Finance Committee - Chairman, Edith Gryder, Eunice 
Luttrell, Arvil Hardy and Max West. 

There was much discussion about shortening the annual 
meeting next year to one day. Some reports will 
be dropped and some will be modified. Each 
church will discuss this over the coming year and 
will also be discussed at the quarterly meetings. 

It was moved, seconded and approved for the 
Constitution and Bylaws Committee and Program 
Committee meet 1 hour early next month before 
the quarterly meeting to discuss plans for the 
next annual meeting. 

Roy Gryder moved that the Program Committee recommend 
any reports to be dropped at the quarterly meeting 
in November. Seconded and approved. 

11:25 Moved, seconded and approved the budget for the 

2000 - 2001 year. 

Moved, seconded and approved for the local churches 
to let Roy Gryder know of any needs and he will 
notify the pastors so the association can help 
at the time needed. 

11:30 Adjourn Business Meeting. 

11:40 Annual Message - Roy Kanupp. John 21:1-12. Things we 

will find around God's table, nourishment, salvation, 
discernment of good and evil, righteousness, and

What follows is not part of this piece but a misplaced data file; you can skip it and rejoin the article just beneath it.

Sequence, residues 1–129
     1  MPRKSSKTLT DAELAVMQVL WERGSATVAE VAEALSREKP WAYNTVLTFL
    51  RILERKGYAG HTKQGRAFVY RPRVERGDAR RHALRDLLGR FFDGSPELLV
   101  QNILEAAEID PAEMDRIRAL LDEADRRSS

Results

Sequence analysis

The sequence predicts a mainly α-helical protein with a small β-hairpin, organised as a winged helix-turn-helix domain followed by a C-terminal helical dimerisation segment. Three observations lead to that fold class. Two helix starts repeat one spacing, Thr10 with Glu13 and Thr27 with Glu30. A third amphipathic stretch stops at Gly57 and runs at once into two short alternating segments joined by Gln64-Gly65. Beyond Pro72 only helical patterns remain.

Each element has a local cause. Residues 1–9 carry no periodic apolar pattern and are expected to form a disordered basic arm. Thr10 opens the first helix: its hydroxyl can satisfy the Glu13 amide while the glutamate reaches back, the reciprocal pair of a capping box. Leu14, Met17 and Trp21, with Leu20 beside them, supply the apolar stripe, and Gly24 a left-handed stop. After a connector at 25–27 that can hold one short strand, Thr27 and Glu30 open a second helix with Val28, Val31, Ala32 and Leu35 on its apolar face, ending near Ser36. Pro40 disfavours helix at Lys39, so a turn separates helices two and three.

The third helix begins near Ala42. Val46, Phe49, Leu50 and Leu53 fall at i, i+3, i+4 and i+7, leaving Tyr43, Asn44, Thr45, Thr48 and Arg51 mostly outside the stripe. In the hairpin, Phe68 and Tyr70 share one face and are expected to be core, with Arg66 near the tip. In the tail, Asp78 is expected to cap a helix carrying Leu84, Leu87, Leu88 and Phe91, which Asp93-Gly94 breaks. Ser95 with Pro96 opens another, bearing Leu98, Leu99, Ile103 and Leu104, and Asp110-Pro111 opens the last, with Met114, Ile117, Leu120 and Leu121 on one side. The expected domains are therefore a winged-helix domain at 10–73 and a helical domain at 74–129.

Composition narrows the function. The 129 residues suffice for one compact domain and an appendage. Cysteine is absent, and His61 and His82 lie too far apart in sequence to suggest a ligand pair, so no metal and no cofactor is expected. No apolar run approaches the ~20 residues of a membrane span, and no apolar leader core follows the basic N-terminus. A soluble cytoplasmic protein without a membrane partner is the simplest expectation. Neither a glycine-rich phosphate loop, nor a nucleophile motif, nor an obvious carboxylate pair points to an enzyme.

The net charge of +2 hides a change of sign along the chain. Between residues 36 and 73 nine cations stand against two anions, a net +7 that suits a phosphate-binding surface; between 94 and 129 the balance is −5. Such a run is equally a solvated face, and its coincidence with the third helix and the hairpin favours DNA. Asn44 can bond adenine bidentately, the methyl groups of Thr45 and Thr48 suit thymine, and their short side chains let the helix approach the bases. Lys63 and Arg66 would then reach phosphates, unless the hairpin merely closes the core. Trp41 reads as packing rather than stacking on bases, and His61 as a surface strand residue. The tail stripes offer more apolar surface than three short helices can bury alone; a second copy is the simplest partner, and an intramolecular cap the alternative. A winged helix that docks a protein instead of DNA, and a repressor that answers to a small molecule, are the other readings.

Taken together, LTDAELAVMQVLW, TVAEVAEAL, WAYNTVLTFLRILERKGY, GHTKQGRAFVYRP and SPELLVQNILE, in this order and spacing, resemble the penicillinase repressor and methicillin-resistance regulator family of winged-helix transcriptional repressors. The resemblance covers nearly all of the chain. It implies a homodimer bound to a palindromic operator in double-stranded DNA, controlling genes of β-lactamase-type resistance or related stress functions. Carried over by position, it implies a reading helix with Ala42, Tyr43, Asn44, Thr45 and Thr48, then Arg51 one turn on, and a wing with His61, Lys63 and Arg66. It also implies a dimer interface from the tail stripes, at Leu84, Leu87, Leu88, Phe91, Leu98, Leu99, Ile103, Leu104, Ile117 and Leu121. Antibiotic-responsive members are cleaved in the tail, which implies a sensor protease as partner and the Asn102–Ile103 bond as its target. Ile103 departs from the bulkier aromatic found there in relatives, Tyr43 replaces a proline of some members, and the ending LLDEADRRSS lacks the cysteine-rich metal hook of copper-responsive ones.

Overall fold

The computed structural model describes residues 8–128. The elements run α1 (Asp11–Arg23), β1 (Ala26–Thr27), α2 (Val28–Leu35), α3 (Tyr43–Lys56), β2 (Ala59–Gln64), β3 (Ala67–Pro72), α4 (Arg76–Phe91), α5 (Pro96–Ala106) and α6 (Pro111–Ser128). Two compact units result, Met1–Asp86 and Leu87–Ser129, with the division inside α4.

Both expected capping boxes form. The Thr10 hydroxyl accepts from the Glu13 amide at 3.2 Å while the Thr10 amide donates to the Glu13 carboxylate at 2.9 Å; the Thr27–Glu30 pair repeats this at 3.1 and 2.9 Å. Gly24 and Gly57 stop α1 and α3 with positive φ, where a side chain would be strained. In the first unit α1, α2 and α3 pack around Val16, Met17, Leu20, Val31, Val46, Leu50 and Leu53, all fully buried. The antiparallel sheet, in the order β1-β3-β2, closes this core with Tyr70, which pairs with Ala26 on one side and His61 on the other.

restoration. In John 6:31 God gave them manna from 
heaven in the desert. He gave them physical nourishment 
but through Jesus, He gave us spiritual nourishment. 
Have you truly tasted the bread of life? You can't fall 
from grace if you are in God's hands. 1 Peter 2:2 we 
find a new christian has to be nurtured and fed because 
he is a baby in Christ. Everything a new christian 
needs to help them grow is in the word. 

In Hebrews 5:11 we find that if you are not weaned from 
the milk, you will not hear what the meat of the word 
says. John 13:23 - At God's table there will be 
fellowship withe the Son and he will feed us forever. 
When God sees under His table. He won't see our 
disabilities. He will see only His Son in us. 



24 



There will be no empty seats at God's table, they 
will all be filled. Luke 22:17 - Coinmunion will be 
held at God's table and with Him. Gather around God's 
table and be healthy spiritually. Mark 16:7. 
Restoration - Jesus told Peter to strengthen the 
breathern. If you have been away from God's table 
too long, come back and be restored. 

12:30 Adjourn - Lunch 



25 



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HISTORY AND HISTORICAL TABLE 



HISTORY AND HISTORICAL TABLE 



Year Churches 



Moderator 



Clerk 



Preacher 



1862 

1863 
1864 
1865 
1866 
1867 
1868 
1869 
1870 
1871 
1872 
1873 
1874 
1875 
1876 
1877 
1878 
1879 
1880 
1881 
1882 
1883 
1884 
1885 
1886 
1887 
1888 
1889 
1890 
1891 
1892 
1893 
1894 
1895 
1896 
1897 
1898 
1899 
1900 



Zions Gate Meeting Larkin Hodges Larkin Pipes 
House, Wilkes Co. 

Yellow Hill Larkin Hodges 

Minutes were not printed, manuscript 



Mt. Ephraim 
South Fork 
Watauga 
Union 
Stony Fork 
Old Field 
Elk 

Mt. Vernon 
Watauga 
Yellow Hill 
Laurel Fork 
Stony Fork 
Poplar Grove